Andre ate greedily all the biscuits. (English Syntax and Argumentation, Bas Aarts)

Bas Aarts says the sentence is ungrammatical because the adjunct takes a position between the verb and its direct object. But the sentence does not seem strange to me. Would you show me some cases for his rule where the strangeness is obvious?

2 Answers 2


The ‘strangeness’ is perhaps not so obvious with a very ‘light’ (brief) adjunct like this; but try it with a heavier phrase:

Andre ate with enormous relish all the biscuits.
Andre ate without stopping to thank his hostess all the biscuits.

The important thing is that the connection between the verb and its direct object should not be obscured. Constituents (primary syntactical components of a sentence: Subject, Verb, Objects) should be in the ‘foreground’, and adjuncts should be ‘backgrounded’. (And by the same token, your sentence should be constructed in such a manner that the pieces you want to emphasize are realized as constituents, not adjuncts.)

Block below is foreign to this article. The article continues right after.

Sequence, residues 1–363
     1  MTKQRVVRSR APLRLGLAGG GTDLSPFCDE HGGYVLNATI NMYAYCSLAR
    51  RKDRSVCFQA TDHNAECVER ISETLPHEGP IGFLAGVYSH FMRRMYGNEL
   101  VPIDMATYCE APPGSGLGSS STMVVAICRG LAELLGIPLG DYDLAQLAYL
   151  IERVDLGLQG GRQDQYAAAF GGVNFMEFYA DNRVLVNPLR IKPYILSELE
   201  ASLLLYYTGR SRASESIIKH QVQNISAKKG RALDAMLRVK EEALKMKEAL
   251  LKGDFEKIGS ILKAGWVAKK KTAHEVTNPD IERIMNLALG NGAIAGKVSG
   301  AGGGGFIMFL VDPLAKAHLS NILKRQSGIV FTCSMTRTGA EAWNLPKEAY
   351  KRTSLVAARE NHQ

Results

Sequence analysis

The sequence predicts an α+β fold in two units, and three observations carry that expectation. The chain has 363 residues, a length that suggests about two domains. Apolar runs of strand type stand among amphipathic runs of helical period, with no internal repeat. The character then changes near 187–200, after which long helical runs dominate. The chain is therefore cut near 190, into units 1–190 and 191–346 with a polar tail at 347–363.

So constructions like this are a little more acceptable if the adjunct is parenthesized by enclosing it in commas, dashes, or parentheses:

Andre ate, greedily, all the biscuits.

But even this should be avoided unless you have some strong reason for intruding the adjunct into an abnormal position, and unless you have some means of bringing the direct object back into the foreground after the digression:

Andre ate, with truly repulsive greediness, every single biscuit!

Here I have created a climax: the adjunct is intruded so that I have a little ‘ladder’ by which I mount to my sense of outrage at the top.


The sentence feels weird to me, I would rather have said, "She ate all of the biscuits greedily."

Other strange-sounding examples would be:

"I climbed rapidly the stairs."

"She slammed loudly the door."

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